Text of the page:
As we know, drones are playing a growing role in farming, making it easier for farmers to determine when and where to harvest, what crops need help, and more. Drone farming is here to help the modern farmer and will be for years to come. Farmers have always taken advantage of new technologies and this is no exception.
We have shared many stories with you about precision agriculture, last week we even shared a story on wine drones, all types of crops can benefit. This story in The Prairie Star shares insights on drone farming work taking place at Kansas State University.
“MANHATTAN, Kan. – Kansas State University is leading an international, multimillion-dollar project that is looking at unmanned aerial systems – or UAS – as a quick and efficient method to detect pest insects and diseases in food crops before outbreaks happen.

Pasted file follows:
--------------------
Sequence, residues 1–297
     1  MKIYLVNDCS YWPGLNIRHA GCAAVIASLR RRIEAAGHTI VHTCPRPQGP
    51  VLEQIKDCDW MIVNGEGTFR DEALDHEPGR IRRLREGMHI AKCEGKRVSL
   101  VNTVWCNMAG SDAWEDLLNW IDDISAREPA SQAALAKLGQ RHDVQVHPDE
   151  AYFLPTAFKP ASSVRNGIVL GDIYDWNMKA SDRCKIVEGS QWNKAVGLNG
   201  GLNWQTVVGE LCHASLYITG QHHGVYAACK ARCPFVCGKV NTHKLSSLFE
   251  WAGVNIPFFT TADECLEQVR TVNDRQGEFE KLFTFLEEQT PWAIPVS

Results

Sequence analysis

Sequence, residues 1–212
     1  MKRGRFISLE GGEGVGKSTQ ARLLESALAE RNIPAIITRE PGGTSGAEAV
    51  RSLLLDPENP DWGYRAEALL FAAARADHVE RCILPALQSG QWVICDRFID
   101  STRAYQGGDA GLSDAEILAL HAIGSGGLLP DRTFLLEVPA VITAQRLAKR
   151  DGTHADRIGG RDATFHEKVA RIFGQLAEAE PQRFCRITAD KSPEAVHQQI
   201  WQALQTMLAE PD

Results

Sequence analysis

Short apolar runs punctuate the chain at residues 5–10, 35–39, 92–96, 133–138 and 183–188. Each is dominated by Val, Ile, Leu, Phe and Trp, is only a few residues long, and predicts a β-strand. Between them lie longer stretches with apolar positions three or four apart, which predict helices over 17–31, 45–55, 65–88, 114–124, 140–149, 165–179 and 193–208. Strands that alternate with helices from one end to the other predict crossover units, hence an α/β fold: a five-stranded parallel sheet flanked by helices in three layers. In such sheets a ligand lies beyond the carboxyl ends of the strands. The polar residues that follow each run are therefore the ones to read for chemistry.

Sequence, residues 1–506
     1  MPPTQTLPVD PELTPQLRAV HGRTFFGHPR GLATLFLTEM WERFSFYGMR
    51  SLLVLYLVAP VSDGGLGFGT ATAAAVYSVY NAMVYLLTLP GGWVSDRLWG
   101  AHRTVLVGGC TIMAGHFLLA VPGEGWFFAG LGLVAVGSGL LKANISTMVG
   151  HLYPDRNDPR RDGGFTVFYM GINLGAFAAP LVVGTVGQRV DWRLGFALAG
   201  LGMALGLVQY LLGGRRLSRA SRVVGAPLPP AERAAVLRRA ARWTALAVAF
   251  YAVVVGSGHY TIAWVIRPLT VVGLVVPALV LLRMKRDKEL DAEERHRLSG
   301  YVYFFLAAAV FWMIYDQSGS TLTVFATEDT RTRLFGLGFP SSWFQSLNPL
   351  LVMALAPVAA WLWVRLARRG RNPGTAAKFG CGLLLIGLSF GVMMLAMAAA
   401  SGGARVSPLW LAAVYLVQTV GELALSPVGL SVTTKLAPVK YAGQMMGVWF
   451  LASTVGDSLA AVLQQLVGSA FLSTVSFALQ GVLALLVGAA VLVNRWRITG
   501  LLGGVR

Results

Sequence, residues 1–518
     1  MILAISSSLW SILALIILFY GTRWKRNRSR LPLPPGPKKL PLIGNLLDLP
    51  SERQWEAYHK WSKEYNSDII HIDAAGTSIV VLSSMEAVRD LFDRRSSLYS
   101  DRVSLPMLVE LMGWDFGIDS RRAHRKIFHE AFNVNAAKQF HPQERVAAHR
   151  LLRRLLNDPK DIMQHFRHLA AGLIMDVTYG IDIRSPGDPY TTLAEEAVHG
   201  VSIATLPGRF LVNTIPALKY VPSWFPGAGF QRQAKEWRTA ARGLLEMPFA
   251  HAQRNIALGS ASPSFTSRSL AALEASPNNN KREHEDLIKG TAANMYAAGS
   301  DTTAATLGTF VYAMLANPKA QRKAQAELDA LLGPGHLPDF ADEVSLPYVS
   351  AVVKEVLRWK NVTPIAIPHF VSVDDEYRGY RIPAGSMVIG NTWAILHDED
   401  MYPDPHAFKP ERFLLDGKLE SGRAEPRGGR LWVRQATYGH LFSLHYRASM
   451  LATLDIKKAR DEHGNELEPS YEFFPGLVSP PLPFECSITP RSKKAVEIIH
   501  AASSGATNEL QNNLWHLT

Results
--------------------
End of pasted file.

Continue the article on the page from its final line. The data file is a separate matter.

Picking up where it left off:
Brian McCornack, associate professor of entomology, is the U.S. principal investigator on the $1.74 million three-year project, “Optimizing Surveillance Protocols Using Unmanned Aerial Systems.” The project partners Kansas State University’s Manhattan and Salina campuses with Australia’s Queensland University of Technology, the Victorian Department of Environment and Primary Industries, and the Queensland Department of Agriculture, Fisheries and Forestry.
The project was recently funded by the Plant Biosecurity Cooperative Research Centre – a consortium of several of Australia and New Zealand’s leading governmental research institutions and universities supported by industry and governmental partners. Kansas State University is the center’s only U.S. partner. Australia and Kansas share similar agricultural systems and concerns about emerging diseases and insect pests.”
Interested in reading more stories on drone farming, precision agriculture?